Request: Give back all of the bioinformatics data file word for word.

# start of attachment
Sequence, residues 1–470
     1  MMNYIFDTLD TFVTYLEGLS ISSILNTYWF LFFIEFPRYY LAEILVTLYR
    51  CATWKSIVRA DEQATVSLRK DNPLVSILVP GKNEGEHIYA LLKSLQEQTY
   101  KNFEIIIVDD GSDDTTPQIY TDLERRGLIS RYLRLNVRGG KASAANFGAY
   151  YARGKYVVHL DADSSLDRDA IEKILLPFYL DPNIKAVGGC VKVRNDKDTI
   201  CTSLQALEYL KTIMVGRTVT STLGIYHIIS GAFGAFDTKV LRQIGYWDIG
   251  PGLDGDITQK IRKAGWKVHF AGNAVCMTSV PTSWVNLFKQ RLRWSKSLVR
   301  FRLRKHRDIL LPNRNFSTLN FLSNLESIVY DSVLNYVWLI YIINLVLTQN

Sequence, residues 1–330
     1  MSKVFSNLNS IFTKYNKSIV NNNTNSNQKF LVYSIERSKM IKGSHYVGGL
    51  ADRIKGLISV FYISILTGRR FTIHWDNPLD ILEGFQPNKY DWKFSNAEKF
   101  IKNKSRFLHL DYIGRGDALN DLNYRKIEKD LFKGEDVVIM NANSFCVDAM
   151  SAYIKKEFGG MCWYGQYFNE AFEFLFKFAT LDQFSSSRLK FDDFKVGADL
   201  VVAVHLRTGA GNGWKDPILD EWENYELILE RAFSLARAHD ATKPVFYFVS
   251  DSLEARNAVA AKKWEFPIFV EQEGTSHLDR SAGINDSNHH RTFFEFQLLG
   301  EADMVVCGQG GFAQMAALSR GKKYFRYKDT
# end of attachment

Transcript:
Sequence, residues 1–470
     1  MMNYIFDTLD TFVTYLEGLS ISSILNTYWF LFFIEFPRYY LAEILVTLYR
    51  CATWKSIVRA DEQATVSLRK DNPLVSILVP GKNEGEHIYA LLKSLQEQTY
   101  KNFEIIIVDD GSDDTTPQIY TDLERRGLIS RYLRLNVRGG KASAANFGAY
   151  YARGKYVVHL DADSSLDRDA IEKILLPFYL DPNIKAVGGC VKVRNDKDTI
   201  CTSLQALEYL KTIMVGRTVT STLGIYHIIS GAFGAFDTKV LRQIGYWDIG
   251  PGLDGDITQK IRKAGWKVHF AGNAVCMTSV PTSWVNLFKQ RLRWSKSLVR
   301  FRLRKHRDIL LPNRNFSTLN FLSNLESIVY DSVLNYVWLI YIINLVLTQN

Sequence, residues 1–330
     1  MSKVFSNLNS IFTKYNKSIV NNNTNSNQKF LVYSIERSKM IKGSHYVGGL
    51  ADRIKGLISV FYISILTGRR FTIHWDNPLD ILEGFQPNKY DWKFSNAEKF
   101  IKNKSRFLHL DYIGRGDALN DLNYRKIEKD LFKGEDVVIM NANSFCVDAM
   151  SAYIKKEFGG MCWYGQYFNE AFEFLFKFAT LDQFSSSRLK FDDFKVGADL
   201  VVAVHLRTGA GNGWKDPILD EWENYELILE RAFSLARAHD ATKPVFYFVS
   251  DSLEARNAVA AKKWEFPIFV EQEGTSHLDR SAGINDSNHH RTFFEFQLLG
   301  EADMVVCGQG GFAQMAALSR GKKYFRYKDT